It is also critical to have a clear view of why you are wanting to publish content with the frequency that has been recommended. Have you considered asking what your customers would prefer?
6. Demand side platforms (DSP)
Programmatic buying is revolutionising the media industry. Supposedly it allows you to buy more optimal media at a more optimal cost. However often this means buying at low cost without a measure of quality.
One client, who was testing Double Click (Bid Manager) against DataXu and Turn, hadn’t clearly outlined how the tests would be measured. They were heading for comparing apples with grapefruits. Worse still, they hadn’t applied any quality traffic measure which was critical to the subscription side of their business.
Also be aware when signing supplier agreements, that your click traffic data may be being aggregated by the vendor to build a total market view, rather than being 100% confidential to your arrangement.
7. Analytics and business intelligence tools
Are you really a SiteCat convert? Have you implemented it correctly, been fully trained and then only applied 5% of the training?
Or have you given Tableau access to your marketing teams only to find out that no one is using it?
I don’t really need to tell you that there has been an explosion of data over the past few years. According to IBM, 90% of the world’s data has been created in the last 2 years. And this statistic is already a year old.
And all this data equates to around 2.8 zettabytes (ZB) or 1.8 trillion gigabytes (GB). To put it in perspective, if you imagine a regular coffee is about one GB in terms of volume, then a ZB would be about the same volume as the Great Wall of China. So today we would have data amassing over 3-times the Great Wall of China.
So trying to select BI tools and analysing data has become harder and harder.
However we typically start a conversation with these questions:
- Why are you reporting on the data that you are currently storing?
- How is analysis informing your marketing strategy?
- Which data sets have been prioritised for success?
The end state is to ensure that your business and line managers understand the value that can be derived from analysis. And the real value for marketers is making sure that clear objectives have been set to guide the direction of analysis.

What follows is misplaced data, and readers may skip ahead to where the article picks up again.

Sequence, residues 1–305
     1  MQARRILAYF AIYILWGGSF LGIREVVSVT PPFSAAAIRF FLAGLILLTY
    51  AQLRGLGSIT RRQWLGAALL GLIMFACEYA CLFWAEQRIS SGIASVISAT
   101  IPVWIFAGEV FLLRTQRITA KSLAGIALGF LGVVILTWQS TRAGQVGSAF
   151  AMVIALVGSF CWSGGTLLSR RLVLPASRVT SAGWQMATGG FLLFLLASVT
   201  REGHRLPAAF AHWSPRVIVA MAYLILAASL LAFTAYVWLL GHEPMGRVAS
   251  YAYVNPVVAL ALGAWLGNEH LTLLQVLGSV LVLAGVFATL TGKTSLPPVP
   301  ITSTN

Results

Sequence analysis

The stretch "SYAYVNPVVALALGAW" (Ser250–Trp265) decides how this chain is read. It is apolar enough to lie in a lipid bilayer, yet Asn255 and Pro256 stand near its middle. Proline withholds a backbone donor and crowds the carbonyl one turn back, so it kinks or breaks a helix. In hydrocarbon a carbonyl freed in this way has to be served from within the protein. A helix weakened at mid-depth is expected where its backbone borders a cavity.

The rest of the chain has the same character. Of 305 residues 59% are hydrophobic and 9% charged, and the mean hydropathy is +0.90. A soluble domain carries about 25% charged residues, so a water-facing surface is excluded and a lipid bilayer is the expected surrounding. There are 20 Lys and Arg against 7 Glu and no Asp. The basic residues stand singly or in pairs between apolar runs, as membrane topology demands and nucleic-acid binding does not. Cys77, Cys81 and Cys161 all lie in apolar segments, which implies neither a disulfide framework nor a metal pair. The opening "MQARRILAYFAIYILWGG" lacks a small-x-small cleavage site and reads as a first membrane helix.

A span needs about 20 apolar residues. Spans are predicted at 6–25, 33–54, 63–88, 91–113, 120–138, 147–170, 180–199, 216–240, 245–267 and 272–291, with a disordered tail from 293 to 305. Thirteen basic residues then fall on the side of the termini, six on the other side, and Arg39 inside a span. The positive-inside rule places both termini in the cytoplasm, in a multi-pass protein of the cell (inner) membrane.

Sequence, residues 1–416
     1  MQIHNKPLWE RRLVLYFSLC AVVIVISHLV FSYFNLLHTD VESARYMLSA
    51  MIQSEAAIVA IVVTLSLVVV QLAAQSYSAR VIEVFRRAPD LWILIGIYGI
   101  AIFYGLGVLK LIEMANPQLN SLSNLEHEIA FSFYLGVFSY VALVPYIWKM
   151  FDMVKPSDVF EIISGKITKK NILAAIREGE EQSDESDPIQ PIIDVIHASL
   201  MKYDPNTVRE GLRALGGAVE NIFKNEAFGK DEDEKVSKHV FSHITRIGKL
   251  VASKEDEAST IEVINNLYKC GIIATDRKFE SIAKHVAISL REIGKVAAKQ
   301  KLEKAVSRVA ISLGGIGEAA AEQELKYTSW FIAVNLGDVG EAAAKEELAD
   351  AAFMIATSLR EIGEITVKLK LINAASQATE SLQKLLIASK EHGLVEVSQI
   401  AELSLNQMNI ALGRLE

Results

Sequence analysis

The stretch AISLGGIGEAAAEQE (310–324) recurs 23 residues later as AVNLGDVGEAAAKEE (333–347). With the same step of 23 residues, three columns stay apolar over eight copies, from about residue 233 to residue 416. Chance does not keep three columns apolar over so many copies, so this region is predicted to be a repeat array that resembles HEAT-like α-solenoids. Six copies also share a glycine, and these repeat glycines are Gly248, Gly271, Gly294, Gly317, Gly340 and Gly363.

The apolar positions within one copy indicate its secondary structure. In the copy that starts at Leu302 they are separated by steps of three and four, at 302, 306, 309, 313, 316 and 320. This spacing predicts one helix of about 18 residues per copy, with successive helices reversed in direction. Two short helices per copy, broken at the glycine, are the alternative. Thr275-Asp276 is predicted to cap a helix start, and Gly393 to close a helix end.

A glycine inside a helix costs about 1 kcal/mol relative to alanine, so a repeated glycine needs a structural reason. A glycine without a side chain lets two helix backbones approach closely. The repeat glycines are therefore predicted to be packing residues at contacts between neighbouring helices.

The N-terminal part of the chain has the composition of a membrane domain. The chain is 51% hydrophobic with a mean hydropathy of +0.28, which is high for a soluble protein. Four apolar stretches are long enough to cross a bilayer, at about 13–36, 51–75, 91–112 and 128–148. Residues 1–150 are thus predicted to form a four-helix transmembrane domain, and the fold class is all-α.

One client we worked with in the content publishing space had super intelligent analysts, however the presentation of the results was a disaster.
They were churning out endless reports with chart upon chart of analysis. Yet, there were no actionable insights.
So one of my first questions to them was: What are you doing with all this analysis? I felt like a tumbleweed was about to roll through the boardroom due to the silence.
The CMO agreed and was totally frustrated by being bamboozled with all the information. So we helped guide them towards a more effective analytics structure and framework for success.
8. Targeting and retargeting
A good news story…
One client needed our help when it came to targeting and segmentation, however they didn’t when it came to retargeting. They were highly proficient and utilising Criteo as part of their overall mix of technologies.
Criteo, if you haven’t used it, allows you to serve more relevant and personalised ads to people who have been browsing your website content. It’s based on machine learning and predictive algorithms to make sense of massive amounts of data and user behaviour.
Chances are you have been targeted in this way. For example if you have been on an ecommerce site but never bought, you may have seen an ad for one of the products that you viewed whilst reading an article on another website.
Or maybe if you’re in Facebook you’ve been amazed that a holiday destination ad appears after you have been searching for information about that same holiday. Yes you have been ‘re-targeted’.
And it’s highly effective.
The client we were working with was seeing significant lifts in their conversion rates and overall display advertising performance.
9. Search engine optimisation (SEO) and content analysis